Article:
Are acupuncture and acupressure effective for improving success for smoking cessation?
Date of publication of the systematic review: January 2011
Design
Systematic review of 38 randomized controlled trial (RCTs).
Participants
Tobacco smokers of any age who wished to stop smoking. The reviewers did not report mean age and gender proportion of the participants.
Intervention
Among included RCTs, manual acupuncture or acupressure was provided. Acupoints on the ear, face and body as specific for smoking cessation were used in manual acupuncture. The reviewers did not report the duration and frequency of intervention.
Comparator
Comparison 1: Manual acupuncture versus sham acupuncture;
Comparison 2: Manual acupuncture versus nicotine replacement therapy (NRT);
Comparison 3: Acupressure versus sham acupressure.
Major Outcomes
Outcome 1: Short-term smoking abstinence as measured after the treatment (up to a maximum of 6 weeks from the quit date);
Outcome 2: Long-term smoking abstinence as measured after the treatment (between 6 months and 1 year from the quit date).
Settings
The reviewers did not state whether the trials were conducted in inpatient or outpatient settings.
Comparison    Manual acupuncture versus sham acupuncture
Main Results
Compared to sham acupuncture, manual acupuncture provided significant effect for short-term smoking abstinence (pooled risk ratio (RR): 1.22, 95% CI: 1.08 to 1.38). However, it did not provide significant long-term benefit in smoking cessation (pooled RR: 1.10, 95% CI: 0.86 to 1.40).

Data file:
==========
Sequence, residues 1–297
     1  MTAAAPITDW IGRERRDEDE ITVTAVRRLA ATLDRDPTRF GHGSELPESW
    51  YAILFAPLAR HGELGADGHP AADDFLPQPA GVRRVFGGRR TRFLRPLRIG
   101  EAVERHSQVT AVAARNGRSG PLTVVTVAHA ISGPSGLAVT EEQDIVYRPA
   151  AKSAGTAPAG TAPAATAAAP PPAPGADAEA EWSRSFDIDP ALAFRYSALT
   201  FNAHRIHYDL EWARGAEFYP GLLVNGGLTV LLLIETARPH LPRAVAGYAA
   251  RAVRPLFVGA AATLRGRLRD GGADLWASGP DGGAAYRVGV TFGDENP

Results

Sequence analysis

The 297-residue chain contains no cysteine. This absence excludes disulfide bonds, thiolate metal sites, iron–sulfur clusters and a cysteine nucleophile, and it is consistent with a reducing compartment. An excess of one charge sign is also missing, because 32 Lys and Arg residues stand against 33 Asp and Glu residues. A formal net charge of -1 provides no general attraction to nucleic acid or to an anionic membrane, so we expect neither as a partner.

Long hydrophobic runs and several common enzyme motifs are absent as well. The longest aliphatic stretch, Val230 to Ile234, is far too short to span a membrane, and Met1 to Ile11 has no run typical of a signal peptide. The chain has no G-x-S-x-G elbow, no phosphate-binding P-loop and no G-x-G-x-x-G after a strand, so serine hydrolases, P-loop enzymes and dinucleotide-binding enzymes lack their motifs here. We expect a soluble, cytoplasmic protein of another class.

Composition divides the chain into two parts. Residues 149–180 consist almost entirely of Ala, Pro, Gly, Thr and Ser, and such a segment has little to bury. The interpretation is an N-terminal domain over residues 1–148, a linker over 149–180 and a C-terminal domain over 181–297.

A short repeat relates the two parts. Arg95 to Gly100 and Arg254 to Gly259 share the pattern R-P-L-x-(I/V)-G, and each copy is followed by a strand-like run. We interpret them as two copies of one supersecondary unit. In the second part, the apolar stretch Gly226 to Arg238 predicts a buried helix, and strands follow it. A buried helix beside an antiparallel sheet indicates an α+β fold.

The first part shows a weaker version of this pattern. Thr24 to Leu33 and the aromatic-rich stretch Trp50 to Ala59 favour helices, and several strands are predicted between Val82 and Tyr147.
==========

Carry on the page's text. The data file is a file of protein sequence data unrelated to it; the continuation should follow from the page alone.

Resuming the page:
Comparison 1: Manual acupuncture versus sham acupuncture among tobacco smokers who wished to stop smoking
Outcomes (units) No of studies ( Total no. of participants) No. of events/ No. of participants Heterogeneity test (I2) Pooled RR (95% CI) p value Overall quality of evidence*
Intervention Comparator
1 (NA) 19 (2588) 419/1415 295/1173 46% 1.22 (1.08 to 1.38) 0.002 High
2 (NA) 11 (1892) 122/997 97/895 23% 1.10 (0.86 to 1.40) 0.44 High
Keys: RR = risk ratio, CI = confidence interval.
Comparison    Manual acupuncture versus NRT
Main Results
Compared to NRT, manual acupuncture was less effective both in the short-term smoking abstinence (pooled RR: 0.76, 95% CI: 0.59 to 0.98) and in the long-term smoking abstinence (pooled RR: 0.64, 95% CI: 0.42 to 0.98).
Comparison 2: Manual acupuncture versus NRT among tobacco smokers who wished to stop smoking
Outcomes (units) No of studies ( Total no. of participants) No. of events/ No. of participants Heterogeneity test (I2) Pooled RR (95% CI) p value Overall quality of evidence*
Intervention Comparator
1 (NA) 2 (914) 91/496 101/418 0% 0.76 (0.59 to 0.98) 0.031 High
2 (NA) 2 (914) 34/496 45/418 0% 0.64 (0.42 to 0.98) 0.041 High
Keys: RR = risk ratio, CI = confidence interval.
Comparison    Acupressure versus sham acupressure
Main Results
Compared with sham acupressure, acupressure was more effective for short-term smoking cessation (pooled RR: 2.54, 95%CI: 1.27 to 5.08). However, no trials in this comparison reported long-term outcomes.
Comparison 3: Acupressure versus sham acupressure among tobacco smokers who wished to stop smoking
Outcomes (units) No of studies ( Total no. of participants) No. of events/ No. of participants Heterogeneity test (I2) Pooled RR (95% CI) p value Overall quality of evidence*
Intervention Comparator
1 (NA) 3 (253) 24/128 9/125 0% 2.54 (1.27 to 5.08) 0.0083 High
Keys: RR = risk ratio, CI = confidence interval.
Comparison    Manual acupuncture versus sham acupuncture
Main Results
Compared to sham acupuncture, manual acupuncture provided significant effect for short-term smoking abstinence (pooled risk ratio (RR): 1.22, 95% CI: 1.08 to 1.38). However, it did not provide significant long-term benefit in smoking cessation (pooled RR: 1.10, 95% CI: 0.86 to 1.40).